Vaccine effective against hand, foot, mouth disease

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DTaP

HealthDay News -- An inactivated vaccine for enterovirus 71 (EV71) was safe and effective in children, results of a large phase 3 study indicate.

Overall, vaccine efficacy was 90% (95% CI: 67.1-96.9) for EV71-associated hand, foot and mouth disease and 80% (95% CI: 58.2%-90.8%) against any EV71 disease, Feng-Cai Zhu, MSc, of the Jiangsu Provincial Center for Disease Control and Prevention in Nanjing, China, and colleagues reported in Lancet.

The randomized double-blind placebo-controlled phase 3 trial, examined the safety, efficacy and immunogenicity of the alum-adjuvanted EV71 vaccine in 10,245 participants aged 6 to 35 months. The researchers randomly assigned 4,907 patients to receive the vaccine and 4,939 to receive placebo. 

Serious adverse events occurred in 1.2% of children who received the vaccine vs. 1.5% of those who received placebo.

Since the EV71 was first described in the 1960s, there have been numerous outbreaks, accounting for more than 6 million cases and 2,000 fatalities.  Hand, foot and mouth disease, consisting of rashes and blisters on the palms and soles and in the mouth, is the most common course of illness.

Some children experience nonspecific symptoms, including mild fever and respiratory infection, whereas others are asymptomatic. EV71 can also cause severe neurologic problems, such as aseptic meningitis and encephalitis.

Zhu and colleagues conducted the phase 3 study after results from earlier phase 1 and 2 studies suggested the vaccine was safe and immunogenic. 

Children were enrolled from more than 500 hospitals and clinics. The vaccine, which contained EV71 genotype C4 and an alum adjuvant, was administered on days zero and 28, and children were observed again at months five, eight, 11 and 14 after vaccination. The researchers vaccinated fewer than 40% of children from each village to ensure that herd immunity would not develop. Active surveillance was performed from day 56 through month 14.

Parents were asked to bring any child with signs or symptoms of illness to the clinic promptly to have throat and rectal swabs and a blood tests performed to test for enteroviruses and other pathogens.

A total of 17,038 illnesses occurred in 7,328 children between March 2012 and March 2013. All confirmed EV71 cases were matched with five healthy controls to compare neutralizing antibody titers at day 56.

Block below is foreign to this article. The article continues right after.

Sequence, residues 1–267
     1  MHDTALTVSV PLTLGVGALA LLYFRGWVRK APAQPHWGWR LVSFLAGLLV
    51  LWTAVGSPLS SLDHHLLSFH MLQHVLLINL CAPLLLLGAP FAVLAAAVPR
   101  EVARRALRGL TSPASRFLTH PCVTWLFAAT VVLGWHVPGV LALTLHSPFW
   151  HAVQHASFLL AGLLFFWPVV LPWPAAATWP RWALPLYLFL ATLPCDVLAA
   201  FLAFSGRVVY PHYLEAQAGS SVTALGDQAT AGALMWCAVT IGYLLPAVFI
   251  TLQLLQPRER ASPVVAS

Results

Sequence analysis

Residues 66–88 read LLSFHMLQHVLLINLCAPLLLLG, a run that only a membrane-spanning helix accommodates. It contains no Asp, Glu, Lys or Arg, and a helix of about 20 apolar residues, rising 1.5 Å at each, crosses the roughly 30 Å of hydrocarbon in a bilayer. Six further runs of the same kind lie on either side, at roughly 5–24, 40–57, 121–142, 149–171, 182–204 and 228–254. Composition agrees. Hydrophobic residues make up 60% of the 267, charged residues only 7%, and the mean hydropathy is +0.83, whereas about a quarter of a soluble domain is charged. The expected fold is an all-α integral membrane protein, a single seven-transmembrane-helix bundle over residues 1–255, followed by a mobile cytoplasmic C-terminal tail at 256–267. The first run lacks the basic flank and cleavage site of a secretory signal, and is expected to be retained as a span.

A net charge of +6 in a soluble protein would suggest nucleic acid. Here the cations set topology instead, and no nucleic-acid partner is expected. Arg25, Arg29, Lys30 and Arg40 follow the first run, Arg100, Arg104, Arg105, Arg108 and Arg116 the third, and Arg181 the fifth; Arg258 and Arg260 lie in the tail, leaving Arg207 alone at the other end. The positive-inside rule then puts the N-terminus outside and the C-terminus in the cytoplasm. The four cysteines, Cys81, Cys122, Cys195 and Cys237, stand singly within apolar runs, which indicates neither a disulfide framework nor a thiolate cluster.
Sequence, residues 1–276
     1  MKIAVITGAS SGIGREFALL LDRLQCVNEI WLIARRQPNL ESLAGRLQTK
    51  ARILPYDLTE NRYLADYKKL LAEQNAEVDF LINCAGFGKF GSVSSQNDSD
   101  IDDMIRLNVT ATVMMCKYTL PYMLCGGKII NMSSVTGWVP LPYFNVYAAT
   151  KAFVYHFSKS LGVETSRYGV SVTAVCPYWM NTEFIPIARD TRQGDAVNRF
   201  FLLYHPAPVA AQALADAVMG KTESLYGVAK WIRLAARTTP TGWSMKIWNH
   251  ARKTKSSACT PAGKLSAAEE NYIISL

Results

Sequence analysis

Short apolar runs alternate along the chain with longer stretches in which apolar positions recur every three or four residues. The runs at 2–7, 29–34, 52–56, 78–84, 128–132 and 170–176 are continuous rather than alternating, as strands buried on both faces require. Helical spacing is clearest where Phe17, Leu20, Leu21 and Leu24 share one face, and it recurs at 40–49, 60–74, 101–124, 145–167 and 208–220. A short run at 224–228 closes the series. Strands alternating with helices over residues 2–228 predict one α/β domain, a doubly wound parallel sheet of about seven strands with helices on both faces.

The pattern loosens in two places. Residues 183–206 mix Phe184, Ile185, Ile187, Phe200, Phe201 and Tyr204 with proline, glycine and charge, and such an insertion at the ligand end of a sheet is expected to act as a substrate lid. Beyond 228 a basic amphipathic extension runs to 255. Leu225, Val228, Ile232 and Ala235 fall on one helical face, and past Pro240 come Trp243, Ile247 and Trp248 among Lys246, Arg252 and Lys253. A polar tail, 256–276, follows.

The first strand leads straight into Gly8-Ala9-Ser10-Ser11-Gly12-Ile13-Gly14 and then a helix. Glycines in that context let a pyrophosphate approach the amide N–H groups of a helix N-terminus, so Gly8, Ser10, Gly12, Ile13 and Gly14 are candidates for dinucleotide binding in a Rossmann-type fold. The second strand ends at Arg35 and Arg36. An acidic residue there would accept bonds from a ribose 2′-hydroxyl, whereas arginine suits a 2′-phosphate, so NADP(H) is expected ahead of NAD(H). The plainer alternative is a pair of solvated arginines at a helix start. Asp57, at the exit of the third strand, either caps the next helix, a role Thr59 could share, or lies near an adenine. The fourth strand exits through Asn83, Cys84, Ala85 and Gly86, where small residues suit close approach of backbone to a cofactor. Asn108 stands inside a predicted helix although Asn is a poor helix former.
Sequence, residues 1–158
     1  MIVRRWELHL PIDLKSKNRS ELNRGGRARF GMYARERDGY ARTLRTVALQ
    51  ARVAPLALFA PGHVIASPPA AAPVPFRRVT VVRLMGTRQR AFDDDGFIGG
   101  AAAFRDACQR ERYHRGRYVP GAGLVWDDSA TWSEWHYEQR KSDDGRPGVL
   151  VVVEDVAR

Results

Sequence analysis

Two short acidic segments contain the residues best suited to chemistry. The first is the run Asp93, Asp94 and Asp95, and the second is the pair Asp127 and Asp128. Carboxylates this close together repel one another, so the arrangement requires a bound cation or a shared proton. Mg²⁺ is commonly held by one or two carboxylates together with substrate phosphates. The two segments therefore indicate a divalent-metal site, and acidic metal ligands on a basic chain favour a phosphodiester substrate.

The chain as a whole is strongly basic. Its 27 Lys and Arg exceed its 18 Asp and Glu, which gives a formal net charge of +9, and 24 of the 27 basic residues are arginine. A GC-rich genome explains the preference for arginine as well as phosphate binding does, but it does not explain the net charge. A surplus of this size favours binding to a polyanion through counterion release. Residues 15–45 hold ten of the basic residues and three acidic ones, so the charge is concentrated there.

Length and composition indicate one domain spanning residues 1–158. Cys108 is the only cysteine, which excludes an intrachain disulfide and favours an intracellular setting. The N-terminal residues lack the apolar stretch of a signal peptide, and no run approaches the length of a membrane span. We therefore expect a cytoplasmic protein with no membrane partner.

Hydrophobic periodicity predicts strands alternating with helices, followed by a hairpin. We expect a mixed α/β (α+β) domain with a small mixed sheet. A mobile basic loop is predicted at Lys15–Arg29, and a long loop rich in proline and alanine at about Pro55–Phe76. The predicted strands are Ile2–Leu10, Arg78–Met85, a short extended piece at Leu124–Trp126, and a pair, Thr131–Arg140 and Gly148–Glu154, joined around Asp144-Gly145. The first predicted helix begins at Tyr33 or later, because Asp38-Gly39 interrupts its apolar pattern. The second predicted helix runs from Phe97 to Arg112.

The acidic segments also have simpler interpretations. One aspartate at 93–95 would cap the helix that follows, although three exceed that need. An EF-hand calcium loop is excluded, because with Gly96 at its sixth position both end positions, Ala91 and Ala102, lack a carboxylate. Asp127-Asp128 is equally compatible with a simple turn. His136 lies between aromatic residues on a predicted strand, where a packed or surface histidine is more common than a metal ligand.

Among participants who had been administered the vaccine, there were three confirmed cases of EV71 hand, foot and mouth disease, and eight cases of any EV71-associated illness vs. 30 cases of hand, foot and mouth disease (P=0.0001) and 41 cases of EV71-associated illness (P<0.0001) in the placebo group, the researchers found.

None of the children in the vaccine group were hospitalized vs. eight children with hand, foot and mouth disease in the placebo group, one of whom also had oral herpes and encephalitis. This findings suggested a vaccine efficacy of 100% (95% CI: 41.6-100) for potentially severe or severe cases, the researchers noted.

The most common injection-site reactions were redness, pain and induration. Diarrhea and fever were the most frequent systemic adverse events, the researchers reported.

A total of two children each in both the vaccine and placebo groups died during the study period of unrelated causes. No deaths or serious adverse events were attributable to the vaccine.

"This exploratory analysis on the correlates of immunity is a substantial step forward; however, more evidence of its validity is needed," the researchers wrote.

In an accompanying editorial, Nigel Crawford, MD, and Steve Graham, MD of the University of Melbourne in Australia noted the low morbidity and mortality associated with EV71.

"[T]he major effect of this vaccine will be to reduce hospital admissions," they wrote, likening it to existing varicella and rotavirus vaccines.

Study limitations included testing only for EV71, which may have yielded lower vaccine efficacy if children were coinfected with other pathogens, and lack of baseline screening to exclude seropositive children, who would have already been immune to EV71. Another limitation was ot including children aged 6 months and younger, a population in whom EV71 can be particularly severe.

Crawford and Graham called for more studies to assess the vaccine at birth, and ages 2, 3 and 4 months to determine optimal protection.


References

  1. Zhu F-C, et al. Lancet. 2013; DOI: 10.1016/S0140-6736(13)61049-1.
  2. Crawford N, Graham S. Lancet. 2013; doi:10.1016/S0140-6736(13)61124-1.
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